Page 91






Glasgow, in the person of several thousands of
its citizens, set the seal of unqualified approval on
the inaugural exhibition at "Buffalo Bill's Wild
West Show" last night. The appearance of the
large enclosure, when the curtain rose, suggested a
comparison with the Colosseum in the days when
gladiators were butchered to make a Roman
holiday. The presence of the Lord Provost and
Magistrates in the seats of honour last night was
sufficient guarantee that the entertainment, however
exciting and nerve-testing, would be bloodless.
All were on the tiptoe of expectation at eight
o'clock, as a member of the company announced
in stentorian tones that the exhibition would begin
with the introduction of the individuals and
celebrities of the Wild West Show. As troop after
troop of


hidalgos and cowboys came riding into the arena,
and pased the stalls as if borne on the wings of the
wind, whooping and yelling, a good idea of the
nature of the entertainment to follow was afforded
the great concourse of spectators. The applause
was loud and long continued when Colonel Cody
appeared upon the scene, and led the whole
cavalcade that had previously swept past in troops
into the arena, the whole presenting a medley of
horses and savage warriors, rushing hither and
thither in the most orderly confusion. From
this point onward the exhibition consisted
of a series of six episodes and four overtures.
In the first episode the chief features were a
representation of the primeval forest of America,
as it was before the white man had explored its
depths, at a time when the wild beasts and the
Indians contested for the mastery; the friendly
meeting of two Indian tribes, and a grand palaver,
concluding with a war dance to a tom-tom accom
paniment, more noisy than musical. The company
would fain have lingerd over the second episode


representing the landing of the Pilgrim Fathers
of Old England from the Mayflower on Plymouth
Rock. Miss Annie Oakley came off with flying,
or rather, shooting, honours in the first overture,
her feats of skill amply maintaining the reputation
they young lady has made as one of the most cele
brated wing and rifle shots. The third episode
pleased the audience greatly by reason of the intro
duction of a little humour into it by Jule Keen,
Buffalo Bill's Dutchman; indeed, if it could be
managed, the introduction of a few features of a
mirth-moving nature at various stages of the enter
tainment would help to relax the strain imposed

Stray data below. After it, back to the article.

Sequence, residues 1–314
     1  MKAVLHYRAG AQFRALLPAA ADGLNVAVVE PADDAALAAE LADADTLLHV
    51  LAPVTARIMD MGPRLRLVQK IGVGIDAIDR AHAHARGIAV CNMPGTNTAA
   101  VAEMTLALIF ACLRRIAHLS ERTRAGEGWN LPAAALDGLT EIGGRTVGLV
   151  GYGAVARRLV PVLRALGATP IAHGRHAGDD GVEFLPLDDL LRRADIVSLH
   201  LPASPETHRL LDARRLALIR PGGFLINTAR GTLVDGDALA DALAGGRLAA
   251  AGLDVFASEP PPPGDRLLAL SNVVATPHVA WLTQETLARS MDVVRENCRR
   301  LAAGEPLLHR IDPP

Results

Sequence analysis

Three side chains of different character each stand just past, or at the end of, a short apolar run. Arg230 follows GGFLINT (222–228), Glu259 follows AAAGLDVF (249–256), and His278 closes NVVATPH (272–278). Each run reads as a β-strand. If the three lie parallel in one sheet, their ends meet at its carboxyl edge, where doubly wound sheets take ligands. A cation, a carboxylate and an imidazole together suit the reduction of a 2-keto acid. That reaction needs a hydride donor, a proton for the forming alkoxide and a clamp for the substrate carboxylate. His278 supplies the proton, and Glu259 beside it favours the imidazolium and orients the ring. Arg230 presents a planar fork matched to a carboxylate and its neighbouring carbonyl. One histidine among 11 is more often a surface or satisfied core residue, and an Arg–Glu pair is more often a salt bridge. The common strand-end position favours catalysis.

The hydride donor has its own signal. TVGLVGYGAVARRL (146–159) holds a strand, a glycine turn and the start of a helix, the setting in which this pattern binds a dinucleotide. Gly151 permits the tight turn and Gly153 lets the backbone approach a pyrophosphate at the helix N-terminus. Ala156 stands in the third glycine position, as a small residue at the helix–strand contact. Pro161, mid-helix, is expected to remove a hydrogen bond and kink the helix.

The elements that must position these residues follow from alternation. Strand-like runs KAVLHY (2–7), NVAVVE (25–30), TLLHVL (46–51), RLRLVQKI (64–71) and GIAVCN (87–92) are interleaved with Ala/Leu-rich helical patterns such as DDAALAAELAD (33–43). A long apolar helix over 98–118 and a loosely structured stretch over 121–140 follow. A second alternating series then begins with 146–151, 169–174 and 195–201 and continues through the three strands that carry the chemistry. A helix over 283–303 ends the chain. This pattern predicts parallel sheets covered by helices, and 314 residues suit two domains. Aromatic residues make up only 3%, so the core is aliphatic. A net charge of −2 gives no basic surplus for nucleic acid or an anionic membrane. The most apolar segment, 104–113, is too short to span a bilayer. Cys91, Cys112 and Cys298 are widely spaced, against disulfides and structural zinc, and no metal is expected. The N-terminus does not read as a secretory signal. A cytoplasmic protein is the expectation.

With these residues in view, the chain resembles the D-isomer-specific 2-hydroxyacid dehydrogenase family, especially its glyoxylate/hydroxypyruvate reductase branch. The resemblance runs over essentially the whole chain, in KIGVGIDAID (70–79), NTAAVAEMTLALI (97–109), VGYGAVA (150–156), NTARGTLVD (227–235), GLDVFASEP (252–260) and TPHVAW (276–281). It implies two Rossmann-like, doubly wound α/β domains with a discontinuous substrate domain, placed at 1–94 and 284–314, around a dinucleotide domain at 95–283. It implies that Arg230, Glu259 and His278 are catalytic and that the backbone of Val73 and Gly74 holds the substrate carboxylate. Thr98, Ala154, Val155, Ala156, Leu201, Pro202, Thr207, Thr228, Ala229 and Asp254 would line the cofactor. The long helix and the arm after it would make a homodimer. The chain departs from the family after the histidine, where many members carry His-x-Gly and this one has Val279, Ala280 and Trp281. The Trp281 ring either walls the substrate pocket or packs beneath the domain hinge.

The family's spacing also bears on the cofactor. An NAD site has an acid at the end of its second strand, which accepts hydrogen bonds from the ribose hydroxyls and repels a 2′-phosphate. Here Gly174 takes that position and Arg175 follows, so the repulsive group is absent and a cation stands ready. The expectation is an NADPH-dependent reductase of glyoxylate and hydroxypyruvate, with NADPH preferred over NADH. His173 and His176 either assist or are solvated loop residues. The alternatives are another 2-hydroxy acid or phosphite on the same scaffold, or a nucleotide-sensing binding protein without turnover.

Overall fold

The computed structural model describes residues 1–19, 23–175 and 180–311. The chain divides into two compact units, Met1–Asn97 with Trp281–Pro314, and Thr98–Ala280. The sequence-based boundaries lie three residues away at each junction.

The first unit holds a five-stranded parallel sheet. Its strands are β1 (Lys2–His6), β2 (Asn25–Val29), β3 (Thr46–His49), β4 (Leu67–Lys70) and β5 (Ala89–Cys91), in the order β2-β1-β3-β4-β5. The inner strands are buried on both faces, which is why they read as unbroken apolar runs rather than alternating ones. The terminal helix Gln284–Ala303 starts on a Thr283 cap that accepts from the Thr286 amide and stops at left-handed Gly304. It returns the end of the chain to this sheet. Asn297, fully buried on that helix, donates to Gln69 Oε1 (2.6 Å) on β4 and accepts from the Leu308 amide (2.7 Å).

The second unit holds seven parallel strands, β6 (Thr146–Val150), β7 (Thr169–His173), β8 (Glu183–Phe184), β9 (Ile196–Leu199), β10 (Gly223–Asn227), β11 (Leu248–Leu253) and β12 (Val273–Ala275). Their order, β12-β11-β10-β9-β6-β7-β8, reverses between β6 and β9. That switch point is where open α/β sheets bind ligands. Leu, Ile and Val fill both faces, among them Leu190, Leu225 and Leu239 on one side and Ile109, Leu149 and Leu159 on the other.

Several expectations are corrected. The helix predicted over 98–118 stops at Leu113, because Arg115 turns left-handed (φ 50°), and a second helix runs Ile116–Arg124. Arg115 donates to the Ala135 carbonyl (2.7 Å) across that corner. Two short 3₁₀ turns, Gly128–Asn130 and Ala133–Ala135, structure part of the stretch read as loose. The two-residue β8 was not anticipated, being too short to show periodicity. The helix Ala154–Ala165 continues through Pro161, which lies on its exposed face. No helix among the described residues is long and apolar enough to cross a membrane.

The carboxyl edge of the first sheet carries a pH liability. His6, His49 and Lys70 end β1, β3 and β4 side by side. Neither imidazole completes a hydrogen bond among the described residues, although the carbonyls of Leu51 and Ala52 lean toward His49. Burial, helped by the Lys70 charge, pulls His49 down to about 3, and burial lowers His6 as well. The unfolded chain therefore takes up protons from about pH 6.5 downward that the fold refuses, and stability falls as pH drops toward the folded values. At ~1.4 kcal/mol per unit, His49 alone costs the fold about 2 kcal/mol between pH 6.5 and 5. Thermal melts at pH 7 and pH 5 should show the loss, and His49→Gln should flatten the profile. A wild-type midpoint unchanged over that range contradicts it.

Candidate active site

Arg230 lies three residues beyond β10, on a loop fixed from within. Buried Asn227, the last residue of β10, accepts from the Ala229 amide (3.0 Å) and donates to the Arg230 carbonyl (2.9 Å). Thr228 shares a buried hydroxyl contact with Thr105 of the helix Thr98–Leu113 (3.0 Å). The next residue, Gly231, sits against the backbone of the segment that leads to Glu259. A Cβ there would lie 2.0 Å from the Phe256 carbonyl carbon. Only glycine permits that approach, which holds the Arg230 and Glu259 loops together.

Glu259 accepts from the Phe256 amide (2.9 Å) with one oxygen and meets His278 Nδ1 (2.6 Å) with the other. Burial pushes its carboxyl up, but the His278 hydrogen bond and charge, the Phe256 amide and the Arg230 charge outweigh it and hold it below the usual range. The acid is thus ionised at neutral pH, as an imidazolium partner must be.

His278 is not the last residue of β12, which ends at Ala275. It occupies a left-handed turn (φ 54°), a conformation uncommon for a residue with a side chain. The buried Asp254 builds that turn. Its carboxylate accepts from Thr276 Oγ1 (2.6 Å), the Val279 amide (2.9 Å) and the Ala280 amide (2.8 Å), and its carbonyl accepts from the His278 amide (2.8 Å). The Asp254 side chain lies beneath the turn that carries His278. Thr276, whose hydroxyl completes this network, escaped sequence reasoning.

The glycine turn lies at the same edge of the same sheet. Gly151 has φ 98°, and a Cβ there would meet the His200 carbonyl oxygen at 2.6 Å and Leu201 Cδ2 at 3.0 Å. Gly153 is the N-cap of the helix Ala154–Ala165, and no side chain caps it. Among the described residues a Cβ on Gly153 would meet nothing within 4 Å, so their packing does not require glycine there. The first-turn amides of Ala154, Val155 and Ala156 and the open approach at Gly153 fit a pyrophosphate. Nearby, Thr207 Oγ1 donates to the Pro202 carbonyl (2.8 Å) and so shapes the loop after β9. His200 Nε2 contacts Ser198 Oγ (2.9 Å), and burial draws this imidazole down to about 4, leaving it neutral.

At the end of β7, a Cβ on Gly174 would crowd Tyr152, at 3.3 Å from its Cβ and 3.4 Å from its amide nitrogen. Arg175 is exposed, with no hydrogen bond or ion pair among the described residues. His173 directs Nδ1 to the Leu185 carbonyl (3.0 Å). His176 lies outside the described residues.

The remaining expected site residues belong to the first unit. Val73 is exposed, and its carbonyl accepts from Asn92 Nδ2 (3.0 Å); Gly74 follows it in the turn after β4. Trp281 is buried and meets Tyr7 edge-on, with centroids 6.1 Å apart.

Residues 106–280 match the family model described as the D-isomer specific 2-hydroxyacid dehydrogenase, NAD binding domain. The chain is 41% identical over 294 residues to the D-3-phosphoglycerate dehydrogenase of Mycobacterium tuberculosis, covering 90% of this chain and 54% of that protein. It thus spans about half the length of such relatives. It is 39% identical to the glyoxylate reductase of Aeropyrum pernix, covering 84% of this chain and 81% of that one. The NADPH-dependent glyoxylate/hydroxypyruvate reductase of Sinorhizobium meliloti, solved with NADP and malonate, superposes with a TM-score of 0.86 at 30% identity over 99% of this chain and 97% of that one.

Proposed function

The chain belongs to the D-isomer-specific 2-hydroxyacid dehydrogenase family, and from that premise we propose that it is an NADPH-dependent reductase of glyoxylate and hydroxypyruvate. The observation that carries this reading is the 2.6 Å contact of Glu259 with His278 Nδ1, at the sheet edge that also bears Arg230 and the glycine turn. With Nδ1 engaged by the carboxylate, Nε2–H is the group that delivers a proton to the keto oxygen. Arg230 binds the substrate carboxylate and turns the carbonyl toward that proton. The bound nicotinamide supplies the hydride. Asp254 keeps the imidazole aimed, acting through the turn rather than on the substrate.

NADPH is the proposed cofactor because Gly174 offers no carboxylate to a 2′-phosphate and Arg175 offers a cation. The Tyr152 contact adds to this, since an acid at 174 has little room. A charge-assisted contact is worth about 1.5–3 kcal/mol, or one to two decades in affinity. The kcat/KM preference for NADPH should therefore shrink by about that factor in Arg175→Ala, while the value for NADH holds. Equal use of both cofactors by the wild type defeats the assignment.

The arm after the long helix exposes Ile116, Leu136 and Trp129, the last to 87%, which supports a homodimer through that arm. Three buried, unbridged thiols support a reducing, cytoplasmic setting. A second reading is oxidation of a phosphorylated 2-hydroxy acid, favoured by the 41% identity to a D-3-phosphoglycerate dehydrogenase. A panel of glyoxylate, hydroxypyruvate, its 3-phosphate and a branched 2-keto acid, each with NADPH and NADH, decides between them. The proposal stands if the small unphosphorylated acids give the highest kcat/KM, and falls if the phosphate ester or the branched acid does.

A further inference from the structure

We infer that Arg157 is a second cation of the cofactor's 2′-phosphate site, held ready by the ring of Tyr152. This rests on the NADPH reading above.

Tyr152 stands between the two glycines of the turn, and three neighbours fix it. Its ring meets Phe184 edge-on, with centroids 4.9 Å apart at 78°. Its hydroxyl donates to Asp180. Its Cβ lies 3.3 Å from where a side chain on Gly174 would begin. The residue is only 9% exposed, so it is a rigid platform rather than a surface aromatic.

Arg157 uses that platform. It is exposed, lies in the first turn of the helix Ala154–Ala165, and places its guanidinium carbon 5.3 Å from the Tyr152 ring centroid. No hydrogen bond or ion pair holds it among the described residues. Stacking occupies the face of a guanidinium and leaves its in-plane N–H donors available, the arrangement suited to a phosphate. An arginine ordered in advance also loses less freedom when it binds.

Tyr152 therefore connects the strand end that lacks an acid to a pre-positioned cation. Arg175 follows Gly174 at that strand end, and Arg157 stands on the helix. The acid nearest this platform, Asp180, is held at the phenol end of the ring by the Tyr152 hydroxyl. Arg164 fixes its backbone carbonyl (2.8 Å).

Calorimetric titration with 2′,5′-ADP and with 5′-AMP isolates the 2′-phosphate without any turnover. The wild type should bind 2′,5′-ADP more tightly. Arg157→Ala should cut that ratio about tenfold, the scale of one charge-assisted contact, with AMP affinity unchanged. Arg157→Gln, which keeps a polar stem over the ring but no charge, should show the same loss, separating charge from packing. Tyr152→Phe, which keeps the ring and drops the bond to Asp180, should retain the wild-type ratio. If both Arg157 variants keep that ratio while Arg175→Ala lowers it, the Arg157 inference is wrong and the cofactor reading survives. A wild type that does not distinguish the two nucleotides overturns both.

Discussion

by the intensely realistic character of the whole
proceedings. In this episode we are introduced to
the prairies in the searching noonday sun; Buffalo
Bill hunts a herd of real live buffaloes; then a
German emigrant train comes upon the scene; all
is quiet; when in an instant the marauding
Indians come rushing down on the helpless band;
the cowboys arrive; serious fighting follows; Jule
Keen manfully fires his horse pistol into the air,
and, after the fight is over, assumes a smiling air
of "Alone I repulsed the Indians," in a manner
that convulses the audience. This episode closes
with "the prairie fire," and we have a momentary
glance at the perils the early American settlers had
to dare and come through. The overture, "The
Cowboy's Fun," was most exciting, the riding of
the bucking horses testing the skill and pluck of
the boys in a manner somewhat painful to behold,
until an unusually loud peal of laughter from the
boys themselves showed that it was really fun to
them. The fifth episode, perhaps the finest of the
series, illustrating the fall of General Custer and
his men, would require the pen of an Archibald
Forbes or a Charles Williams to adequately depict
the situations. It must be seen to be thoroughly
realised. Colonel Cody's shooting feats, and his
cracking of the gigantic bull-whip, display to the
full his qualities as a marksman, and his immense
muscular strength. The sixth episode embraces


the attack on the Deadwood stage coach and the
cyclone working up the feelings of the audience to
the highest pitch. The response to the grand
equestrian salute by the Colonel and his company
at the close of the most unique exhibition ever
given in Scotland was hearty and spontaneous.
There can be no doubt that during the stay of the
Colonel and his company in Glasgow they will
make many friends, and that those who have once
seen the entertainment will want to return again
and take their friends and neighbours with them.
It brings life in the Wild West home to the
dullest imagination.

Page Notes

Nobody has written a note for this page yet

Please sign in to write a note for this page